Reviewed on: SoundStage! Solo, April 2022
I measured the PSB M4U 8 MKII headphones using laboratory-grade equipment: a GRAS Model 43AG ear/cheek simulator/RA0402 ear simulator with KB5000/KB5001 simulated pinnae, and an Audiomatica Clio 12 QC audio analyzer. A Reiyin WT-04 USB Bluetooth transmitter was used to send signals from the Clio 12 QC to the headphones. For isolation measurements, I used a laptop computer running TrueRTA software with an M-Audio MobilePre USB audio interface. For cabled measurements, the headphones were amplified using a Musical Fidelity V-CAN amplifier. These are “flat” measurements; no diffuse-field or free-field compensation curve was employed. If you’d like to learn more about what our measurements mean, click here.
This chart shows the M4U 8 MKIIs’ frequency response, using a Bluetooth connection with noise canceling off, which was my favorite listening mode. This is a fairly conventional response, except that the center frequency of the broad peak between 3 and 7kHz might normally be 1 to 2kHz lower in frequency.
Here we can see the difference in response between noise canceling on and off, and the Bluetooth connection and the wired connection (which can be either purely passive, or used with the internal amp on and noise canceling on or off). Noise canceling introduces an upper-bass dip (which is probably why I perceived it as sounding brighter), and a large peak centered at 32Hz, which won’t be very, if at all, audible with most music.
This measurement shows how sensitive the headphones’ response is to the headphones’ position on the ears. The black line shows the curve I found to be the most typical. For the other curves, I reseated the headphones a few times, and also shifted them about 5mm up, down, forward, and back on the cheek plate. Above 200Hz, the variance is negligible. Below 200Hz, the differences are large, which means the bass response of these headphones is especially sensitive to positioning—probably due to the small earpads, which make this more of a semi-on-ear design rather than a full over-ear design.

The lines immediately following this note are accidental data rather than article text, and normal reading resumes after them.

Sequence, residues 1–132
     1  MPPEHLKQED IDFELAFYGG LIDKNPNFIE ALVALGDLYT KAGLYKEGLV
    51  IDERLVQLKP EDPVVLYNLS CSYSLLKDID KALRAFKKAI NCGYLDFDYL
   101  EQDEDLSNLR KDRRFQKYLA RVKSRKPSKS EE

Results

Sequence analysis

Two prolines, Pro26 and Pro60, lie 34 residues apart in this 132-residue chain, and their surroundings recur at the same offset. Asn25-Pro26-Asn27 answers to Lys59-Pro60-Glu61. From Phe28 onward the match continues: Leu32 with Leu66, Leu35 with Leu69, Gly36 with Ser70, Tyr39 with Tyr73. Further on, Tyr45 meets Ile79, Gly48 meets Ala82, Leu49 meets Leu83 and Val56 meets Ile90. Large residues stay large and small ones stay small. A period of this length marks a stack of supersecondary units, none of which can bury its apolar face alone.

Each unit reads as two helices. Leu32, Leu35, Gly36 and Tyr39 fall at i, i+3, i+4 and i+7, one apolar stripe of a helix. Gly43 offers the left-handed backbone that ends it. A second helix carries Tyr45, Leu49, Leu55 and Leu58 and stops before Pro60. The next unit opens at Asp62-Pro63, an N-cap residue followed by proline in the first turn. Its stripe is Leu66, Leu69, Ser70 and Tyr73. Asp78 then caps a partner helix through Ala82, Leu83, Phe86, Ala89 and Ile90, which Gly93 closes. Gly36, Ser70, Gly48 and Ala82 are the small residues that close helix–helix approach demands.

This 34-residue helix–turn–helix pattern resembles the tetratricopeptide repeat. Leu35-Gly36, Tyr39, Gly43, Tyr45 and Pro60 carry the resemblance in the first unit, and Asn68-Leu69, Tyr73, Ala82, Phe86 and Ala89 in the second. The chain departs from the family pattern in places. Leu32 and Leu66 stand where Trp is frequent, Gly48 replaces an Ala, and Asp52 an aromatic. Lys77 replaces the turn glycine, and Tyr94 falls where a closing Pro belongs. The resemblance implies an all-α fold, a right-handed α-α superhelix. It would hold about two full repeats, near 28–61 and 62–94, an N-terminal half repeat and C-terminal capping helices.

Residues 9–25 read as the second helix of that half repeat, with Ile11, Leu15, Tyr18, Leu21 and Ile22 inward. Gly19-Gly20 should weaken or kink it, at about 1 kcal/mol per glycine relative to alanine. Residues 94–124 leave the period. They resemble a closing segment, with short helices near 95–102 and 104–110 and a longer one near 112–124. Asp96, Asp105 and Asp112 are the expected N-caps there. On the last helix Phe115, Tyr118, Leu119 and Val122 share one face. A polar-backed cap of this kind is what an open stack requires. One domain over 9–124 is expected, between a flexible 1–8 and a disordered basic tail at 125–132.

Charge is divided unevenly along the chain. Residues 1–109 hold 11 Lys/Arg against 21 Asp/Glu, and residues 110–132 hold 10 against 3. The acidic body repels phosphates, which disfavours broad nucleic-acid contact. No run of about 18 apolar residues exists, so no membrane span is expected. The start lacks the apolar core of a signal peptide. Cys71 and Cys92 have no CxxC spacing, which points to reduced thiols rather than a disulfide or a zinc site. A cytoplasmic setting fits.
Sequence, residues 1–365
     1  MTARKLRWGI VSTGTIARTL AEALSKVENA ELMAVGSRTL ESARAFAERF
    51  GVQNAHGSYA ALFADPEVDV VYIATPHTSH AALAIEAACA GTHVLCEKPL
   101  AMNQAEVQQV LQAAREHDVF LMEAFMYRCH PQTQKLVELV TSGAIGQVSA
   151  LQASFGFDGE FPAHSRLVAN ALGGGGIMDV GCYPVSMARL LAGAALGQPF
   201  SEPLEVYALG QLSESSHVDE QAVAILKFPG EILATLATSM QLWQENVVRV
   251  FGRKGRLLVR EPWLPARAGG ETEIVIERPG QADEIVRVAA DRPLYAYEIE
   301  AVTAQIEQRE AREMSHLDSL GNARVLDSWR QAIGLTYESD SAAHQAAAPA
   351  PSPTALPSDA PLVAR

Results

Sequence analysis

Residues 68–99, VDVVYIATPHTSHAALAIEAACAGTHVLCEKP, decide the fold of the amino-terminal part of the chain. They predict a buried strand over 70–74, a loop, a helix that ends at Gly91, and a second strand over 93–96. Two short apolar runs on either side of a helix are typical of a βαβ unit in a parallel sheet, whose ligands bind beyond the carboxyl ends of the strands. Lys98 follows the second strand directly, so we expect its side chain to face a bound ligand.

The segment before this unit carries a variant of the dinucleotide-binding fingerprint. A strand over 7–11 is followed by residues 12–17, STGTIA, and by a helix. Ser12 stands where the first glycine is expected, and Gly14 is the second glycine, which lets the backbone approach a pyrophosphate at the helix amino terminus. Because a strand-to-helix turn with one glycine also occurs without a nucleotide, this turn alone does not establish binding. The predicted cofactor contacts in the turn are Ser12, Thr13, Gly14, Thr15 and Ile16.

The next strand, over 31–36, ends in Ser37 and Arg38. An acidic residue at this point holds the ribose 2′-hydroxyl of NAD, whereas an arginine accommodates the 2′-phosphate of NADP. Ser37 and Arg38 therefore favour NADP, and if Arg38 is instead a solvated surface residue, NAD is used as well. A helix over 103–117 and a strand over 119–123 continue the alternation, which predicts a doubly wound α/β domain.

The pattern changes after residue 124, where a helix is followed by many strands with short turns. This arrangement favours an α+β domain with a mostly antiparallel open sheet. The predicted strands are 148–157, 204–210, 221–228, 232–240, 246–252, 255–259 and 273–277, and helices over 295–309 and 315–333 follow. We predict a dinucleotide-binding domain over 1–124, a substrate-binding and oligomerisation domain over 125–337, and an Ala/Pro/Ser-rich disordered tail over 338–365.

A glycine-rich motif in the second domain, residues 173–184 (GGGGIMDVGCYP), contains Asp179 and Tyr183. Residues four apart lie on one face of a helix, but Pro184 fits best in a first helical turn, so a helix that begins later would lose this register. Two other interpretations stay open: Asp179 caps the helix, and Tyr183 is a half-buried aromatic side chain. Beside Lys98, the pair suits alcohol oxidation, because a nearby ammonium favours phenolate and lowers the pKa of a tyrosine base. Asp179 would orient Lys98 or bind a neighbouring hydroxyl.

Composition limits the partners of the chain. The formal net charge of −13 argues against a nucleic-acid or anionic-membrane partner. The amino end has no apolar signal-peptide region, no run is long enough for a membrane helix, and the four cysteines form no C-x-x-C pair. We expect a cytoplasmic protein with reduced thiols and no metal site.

This chart shows the M4U 8 MKIIs’ right-channel response in Bluetooth mode with noise canceling off, compared with the DALI IO-6 (in the same mode), the Philips Fidelio L3 (ditto), and the AKG K371 headphones. The K371 are said to be very close to the Harman curve. Other than having comparatively less output around 2kHz, the M4U 8 MKIIs look pretty conventional.
The M4U 8 MKIIs’ right-channel spectral-decay plot (measured with the wired connection) shows no noteworthy resonances except just a bit in the upper bass, around 200Hz (the lowest frequency at which this particular measurement works).
Here’s the THD vs. frequency chart, measured using the wired connection (with the power off) at 90dBA and 100dBA (both levels set with pink noise). Distortion’s almost non-existent at 90dBA, but it gets pretty high at 100dBA. Doing the same measurement with Bluetooth pushed the distortion a little bit higher. Note that 100dBA is an extremely loud listening level; really, 90dBA is louder than most people can stand for long.
In this chart, the external noise level is 85dB SPL (the red trace), and numbers below that indicate the degree of attenuation of outside sounds. The lower the lines, the better the isolation. The M4U 8 MKIIs’ noise canceling is pretty competent, delivering a 15 to 20dB cancelation in the “airplane cabin band” between 100Hz and 1kHz, but it falls short of class leaders like the Bose N700 NC headphones.
Latency, measured with a standard SBC Bluetooth connection, typically ran in the range of about 170 milliseconds, although it occasionally dipped down as low as about 110ms.
The impedance magnitude, measured in passive (power off) mode, is flat, measuring 50 to 53 ohms, and the phase response is similarly flat. With the power on, the impedance rises to about 20kHz, which is typical of a preamp input.
Bottom line: Nothing particularly troubling here—there’s nothing extraordinary about the way these headphones measure, and nothing really anomalous outside of the sharp rise in distortion at 100dBA.
. . . Brent Butterworth